The Source Of Daniel’s Animal Imagery -- By: Ernest C. Lucas

Journal: Tyndale Bulletin
Volume: TYNBUL 41:2 (NA 1990)
Article: The Source Of Daniel’s Animal Imagery
Author: Ernest C. Lucas

The Source Of Daniel’s Animal Imagery1

Ernest C. Lucas

It is proposed to evaluate a number of suggestions concerning the source of the animal imagery in Daniel 7–8 viz. Mesopotamian iconography, Enuma Eliš, VAT 10057, Shumma Izbu, astrological geography and the OT, and then consider the implications the conclusions have for the authorship, date and provenance of these chapters.

I. Mesopotamian Iconography

The only modern scholar to make a detailed case for iconography as the background for the animal imagery of Daniel 7 is Noth.2 His own comments make clear the weakness of the case he argues. Speaking of the second beast, he says that the bear,

is but rarely depicted in the plastic arts of the ancient orient. . . It was seen only in the mountains, and the few reproductions of bears that are known come therefore from the Iranian mountains and their immediate vicinity.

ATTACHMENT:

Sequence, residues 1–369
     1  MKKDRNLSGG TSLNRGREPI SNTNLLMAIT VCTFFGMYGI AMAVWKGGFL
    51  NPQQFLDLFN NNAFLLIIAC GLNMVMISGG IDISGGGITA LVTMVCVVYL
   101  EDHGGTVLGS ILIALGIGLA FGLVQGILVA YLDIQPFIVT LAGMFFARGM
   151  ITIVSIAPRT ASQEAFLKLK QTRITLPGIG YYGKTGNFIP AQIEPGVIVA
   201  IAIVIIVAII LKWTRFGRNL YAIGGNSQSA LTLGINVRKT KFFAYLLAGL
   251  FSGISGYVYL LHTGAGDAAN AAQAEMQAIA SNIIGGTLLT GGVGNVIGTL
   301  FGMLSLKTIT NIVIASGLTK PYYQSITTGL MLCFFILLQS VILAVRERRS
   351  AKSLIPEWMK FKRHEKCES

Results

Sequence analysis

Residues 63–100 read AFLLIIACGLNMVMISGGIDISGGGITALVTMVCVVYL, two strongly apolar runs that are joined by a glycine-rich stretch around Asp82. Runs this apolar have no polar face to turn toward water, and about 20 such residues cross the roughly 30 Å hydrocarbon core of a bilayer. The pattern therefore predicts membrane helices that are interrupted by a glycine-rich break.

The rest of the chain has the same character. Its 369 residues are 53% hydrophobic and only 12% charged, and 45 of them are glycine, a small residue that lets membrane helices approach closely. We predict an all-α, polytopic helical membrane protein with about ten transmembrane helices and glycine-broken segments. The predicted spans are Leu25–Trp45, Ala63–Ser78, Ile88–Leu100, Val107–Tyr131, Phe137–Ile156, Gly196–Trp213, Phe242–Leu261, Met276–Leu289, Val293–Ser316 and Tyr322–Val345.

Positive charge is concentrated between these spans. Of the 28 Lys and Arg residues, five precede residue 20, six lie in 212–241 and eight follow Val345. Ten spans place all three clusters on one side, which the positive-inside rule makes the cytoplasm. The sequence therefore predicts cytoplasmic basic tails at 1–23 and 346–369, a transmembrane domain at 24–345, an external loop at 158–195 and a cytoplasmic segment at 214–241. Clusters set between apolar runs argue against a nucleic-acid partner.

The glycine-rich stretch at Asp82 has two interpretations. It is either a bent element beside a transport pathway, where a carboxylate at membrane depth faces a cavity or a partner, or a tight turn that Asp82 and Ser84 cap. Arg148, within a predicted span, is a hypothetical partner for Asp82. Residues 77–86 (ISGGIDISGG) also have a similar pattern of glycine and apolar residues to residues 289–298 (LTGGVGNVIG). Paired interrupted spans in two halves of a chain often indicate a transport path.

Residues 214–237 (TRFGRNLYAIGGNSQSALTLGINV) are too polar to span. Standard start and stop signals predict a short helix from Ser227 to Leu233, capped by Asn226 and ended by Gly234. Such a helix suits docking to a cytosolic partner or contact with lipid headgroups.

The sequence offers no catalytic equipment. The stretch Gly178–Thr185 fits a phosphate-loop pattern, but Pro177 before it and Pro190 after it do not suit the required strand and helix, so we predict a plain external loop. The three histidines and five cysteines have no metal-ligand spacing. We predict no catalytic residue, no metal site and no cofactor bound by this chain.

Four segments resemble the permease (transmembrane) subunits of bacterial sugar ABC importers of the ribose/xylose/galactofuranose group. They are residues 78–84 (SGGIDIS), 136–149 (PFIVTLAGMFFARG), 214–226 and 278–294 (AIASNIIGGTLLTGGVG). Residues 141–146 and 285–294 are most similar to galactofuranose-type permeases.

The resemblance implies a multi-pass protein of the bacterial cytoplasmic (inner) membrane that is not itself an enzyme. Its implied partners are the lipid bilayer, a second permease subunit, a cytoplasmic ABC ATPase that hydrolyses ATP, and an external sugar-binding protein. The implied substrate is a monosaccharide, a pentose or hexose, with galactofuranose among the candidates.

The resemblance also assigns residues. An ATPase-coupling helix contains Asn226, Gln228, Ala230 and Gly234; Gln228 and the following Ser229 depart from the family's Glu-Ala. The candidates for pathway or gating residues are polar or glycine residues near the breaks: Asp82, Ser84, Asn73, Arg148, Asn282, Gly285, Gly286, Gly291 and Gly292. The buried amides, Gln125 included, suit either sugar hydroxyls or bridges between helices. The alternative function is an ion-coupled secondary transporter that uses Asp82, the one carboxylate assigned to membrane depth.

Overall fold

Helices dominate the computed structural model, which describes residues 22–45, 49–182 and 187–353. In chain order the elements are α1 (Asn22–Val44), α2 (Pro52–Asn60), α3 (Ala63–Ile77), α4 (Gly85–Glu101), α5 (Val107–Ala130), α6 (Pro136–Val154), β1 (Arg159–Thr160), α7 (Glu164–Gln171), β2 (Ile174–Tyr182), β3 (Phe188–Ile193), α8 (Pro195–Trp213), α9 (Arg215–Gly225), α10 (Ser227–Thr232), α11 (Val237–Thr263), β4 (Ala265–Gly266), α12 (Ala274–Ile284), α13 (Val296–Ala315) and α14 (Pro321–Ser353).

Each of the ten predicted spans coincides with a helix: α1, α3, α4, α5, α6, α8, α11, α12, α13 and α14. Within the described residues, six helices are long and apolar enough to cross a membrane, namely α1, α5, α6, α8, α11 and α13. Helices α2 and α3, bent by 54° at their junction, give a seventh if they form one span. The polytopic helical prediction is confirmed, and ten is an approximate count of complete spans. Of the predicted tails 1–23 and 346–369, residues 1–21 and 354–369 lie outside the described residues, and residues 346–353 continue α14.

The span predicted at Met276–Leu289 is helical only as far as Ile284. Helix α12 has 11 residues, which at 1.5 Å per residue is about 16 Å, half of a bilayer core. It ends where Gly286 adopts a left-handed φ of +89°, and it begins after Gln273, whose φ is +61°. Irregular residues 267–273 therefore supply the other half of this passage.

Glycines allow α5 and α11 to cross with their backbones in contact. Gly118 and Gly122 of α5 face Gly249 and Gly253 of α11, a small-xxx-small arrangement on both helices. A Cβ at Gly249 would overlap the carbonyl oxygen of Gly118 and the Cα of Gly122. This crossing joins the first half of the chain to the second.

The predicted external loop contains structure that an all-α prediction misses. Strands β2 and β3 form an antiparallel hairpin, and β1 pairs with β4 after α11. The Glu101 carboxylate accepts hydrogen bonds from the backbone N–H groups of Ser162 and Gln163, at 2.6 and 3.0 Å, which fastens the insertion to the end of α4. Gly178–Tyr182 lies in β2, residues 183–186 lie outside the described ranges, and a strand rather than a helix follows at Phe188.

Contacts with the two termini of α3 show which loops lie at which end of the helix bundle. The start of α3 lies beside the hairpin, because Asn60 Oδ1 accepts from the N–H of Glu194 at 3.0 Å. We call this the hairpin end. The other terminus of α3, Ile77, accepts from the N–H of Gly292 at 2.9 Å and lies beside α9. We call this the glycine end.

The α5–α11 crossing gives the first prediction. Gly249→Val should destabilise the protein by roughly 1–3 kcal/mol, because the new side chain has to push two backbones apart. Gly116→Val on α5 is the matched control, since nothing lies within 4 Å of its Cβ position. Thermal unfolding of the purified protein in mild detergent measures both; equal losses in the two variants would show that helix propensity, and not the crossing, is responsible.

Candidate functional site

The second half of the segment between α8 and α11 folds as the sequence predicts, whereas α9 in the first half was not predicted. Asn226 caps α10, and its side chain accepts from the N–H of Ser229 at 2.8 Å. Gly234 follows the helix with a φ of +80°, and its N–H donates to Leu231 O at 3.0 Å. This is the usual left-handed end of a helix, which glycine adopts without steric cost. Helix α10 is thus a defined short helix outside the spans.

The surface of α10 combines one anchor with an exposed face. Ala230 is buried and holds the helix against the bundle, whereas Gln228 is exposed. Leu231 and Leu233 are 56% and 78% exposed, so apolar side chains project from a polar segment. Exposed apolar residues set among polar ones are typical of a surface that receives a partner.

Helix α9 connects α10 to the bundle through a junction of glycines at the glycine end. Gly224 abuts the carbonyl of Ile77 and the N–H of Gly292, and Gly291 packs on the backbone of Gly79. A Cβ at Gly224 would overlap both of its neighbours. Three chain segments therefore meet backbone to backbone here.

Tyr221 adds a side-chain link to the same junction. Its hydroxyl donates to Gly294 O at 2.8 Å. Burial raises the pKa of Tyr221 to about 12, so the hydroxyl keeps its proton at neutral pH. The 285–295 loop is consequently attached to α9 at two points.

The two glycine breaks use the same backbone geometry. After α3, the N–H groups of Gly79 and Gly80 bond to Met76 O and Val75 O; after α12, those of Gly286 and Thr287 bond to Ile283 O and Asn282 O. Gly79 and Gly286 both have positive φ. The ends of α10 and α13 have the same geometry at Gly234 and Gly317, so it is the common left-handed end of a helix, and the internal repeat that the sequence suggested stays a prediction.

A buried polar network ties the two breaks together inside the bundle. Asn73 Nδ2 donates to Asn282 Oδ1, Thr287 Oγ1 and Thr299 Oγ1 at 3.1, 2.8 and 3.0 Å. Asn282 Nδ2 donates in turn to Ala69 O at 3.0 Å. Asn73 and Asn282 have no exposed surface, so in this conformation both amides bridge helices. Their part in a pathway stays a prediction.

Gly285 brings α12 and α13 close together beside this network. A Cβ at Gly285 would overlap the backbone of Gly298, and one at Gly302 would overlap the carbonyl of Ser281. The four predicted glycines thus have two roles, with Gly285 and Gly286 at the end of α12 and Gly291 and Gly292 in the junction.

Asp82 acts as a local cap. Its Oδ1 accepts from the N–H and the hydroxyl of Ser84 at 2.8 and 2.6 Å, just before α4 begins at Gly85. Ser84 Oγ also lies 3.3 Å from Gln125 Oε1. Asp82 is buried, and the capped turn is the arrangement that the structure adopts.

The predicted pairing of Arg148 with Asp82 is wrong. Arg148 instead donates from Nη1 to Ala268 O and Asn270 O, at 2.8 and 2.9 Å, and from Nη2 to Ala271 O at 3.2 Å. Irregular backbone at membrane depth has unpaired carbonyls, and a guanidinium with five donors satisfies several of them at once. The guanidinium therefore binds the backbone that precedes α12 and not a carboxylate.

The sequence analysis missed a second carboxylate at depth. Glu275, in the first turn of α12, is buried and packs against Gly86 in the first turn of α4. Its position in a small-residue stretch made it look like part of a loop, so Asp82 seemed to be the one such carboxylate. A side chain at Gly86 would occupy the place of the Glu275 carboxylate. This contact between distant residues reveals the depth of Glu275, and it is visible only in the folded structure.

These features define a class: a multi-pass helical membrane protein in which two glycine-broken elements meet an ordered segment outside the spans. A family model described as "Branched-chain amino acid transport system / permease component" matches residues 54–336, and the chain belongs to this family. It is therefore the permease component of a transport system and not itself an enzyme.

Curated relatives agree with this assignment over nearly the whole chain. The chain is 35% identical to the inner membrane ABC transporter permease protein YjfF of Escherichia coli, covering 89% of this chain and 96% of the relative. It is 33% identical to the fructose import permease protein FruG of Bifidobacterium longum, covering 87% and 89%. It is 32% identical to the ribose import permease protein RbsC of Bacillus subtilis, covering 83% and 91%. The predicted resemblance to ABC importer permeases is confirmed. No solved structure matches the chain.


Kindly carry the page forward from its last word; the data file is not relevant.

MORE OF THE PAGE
Of the third beast he says, ‘The image as it stands, however, is not authenticated among examples of the ancient oriental plastic arts; here the seer’s power of imagination is given full rein’.

There is then little precedent in the plastic arts for the second beast, and none for the third. In view of this it is not surprising that no recent commentator or study of Daniel 7 has taken up Noth’s position, beyond pointing out the prominence of winged beasts, some with many heads, especially lions, in Mesopotamian iconography. Moreover, iconography cannot account for the sequence of lion, bear, panther, that is found in Daniel 7.

II. Enūma Eliš

Since Gunkel3 first expounded Daniel 7 in the light of Enūma Eliš, a number of scholars have pointed to that Babylonian myth as the source of the imagery of the beasts from the sea in Daniel. Recently this view has been adopted by Bentzen4 and Heaton5 . The arguments advanced by Heaton are:

  1. The four winds of heaven are mentioned in Daniel 7:2. In Enūma Eliš Marduk uses the fo...
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